gradual decline in monthly child support in California along the continuum of lesser-time parent time-
share, in an example where the greater-time parent has the higher income. Note that, with these particular
incomes, at the time-share level of 44 percent, the California formula produces a negative number,
indicating that the greater-time parent would become the payor, not the recipient, of child support.
Two characteristics of the California formula should be emphasized. First, as shown in Figure 4,
if the greater-time parent has a higher income than the lesser-time parent, the greater-time parent will
become the payor of child support at dollar amounts and time-share levels which depend on the size of
parental income discrepancies. Many policy makers, parents, and courts might consider it appropriate that
a lesser-time parent who still spends considerable time with the child should receive some level of child
support when the primary parent has a substantially greater income.15 This is a positive characteristic of
the broad class of offset formulas, and is probably the reason why most states have chosen them.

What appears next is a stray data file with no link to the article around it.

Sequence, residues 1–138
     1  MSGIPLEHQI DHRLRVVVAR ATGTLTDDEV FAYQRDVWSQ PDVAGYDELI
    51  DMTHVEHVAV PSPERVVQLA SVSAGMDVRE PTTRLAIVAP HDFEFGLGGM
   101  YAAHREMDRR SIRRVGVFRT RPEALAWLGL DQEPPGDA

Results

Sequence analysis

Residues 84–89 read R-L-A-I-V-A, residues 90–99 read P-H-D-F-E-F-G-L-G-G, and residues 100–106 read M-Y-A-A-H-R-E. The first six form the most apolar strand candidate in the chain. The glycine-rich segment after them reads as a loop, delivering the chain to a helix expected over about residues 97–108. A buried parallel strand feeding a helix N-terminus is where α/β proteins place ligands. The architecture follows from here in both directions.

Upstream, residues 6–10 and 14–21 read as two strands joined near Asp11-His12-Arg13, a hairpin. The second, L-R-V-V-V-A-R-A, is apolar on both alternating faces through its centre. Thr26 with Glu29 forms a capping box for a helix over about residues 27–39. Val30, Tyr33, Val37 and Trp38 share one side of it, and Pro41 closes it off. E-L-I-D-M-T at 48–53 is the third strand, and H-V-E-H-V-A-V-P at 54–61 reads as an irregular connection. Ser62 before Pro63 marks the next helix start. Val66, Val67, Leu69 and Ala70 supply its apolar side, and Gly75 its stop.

Appendix B6, however, shows the child support order in the circumstance of a very high-income
greater-time parent, and a modest-earning lesser-time parent. In this situation, the table shows that the
greater-time parent would owe child support to the lesser-time parent at relatively low levels of time-
share (in this income scenario, as low as 16 percent time). This situation, in which a lesser-time parent
spending a small amount of time with the child is the child support recipient, might not appear to be
intuitively fair by most courts, and is a very unusual aspect of the California “without threshold” offset
A second characteristic of the California formula is the high level of child support amounts
calculated at very low levels of time-share. Appendices B1 through B4 show that in comparison to the
other seven states, the California formula produces the highest child support amounts owed by parents
scheduled to spend little or no time with the child. The effect is to encourage parents to spend more time
15See Appendix Legal 3 for a discussion of California law on this point.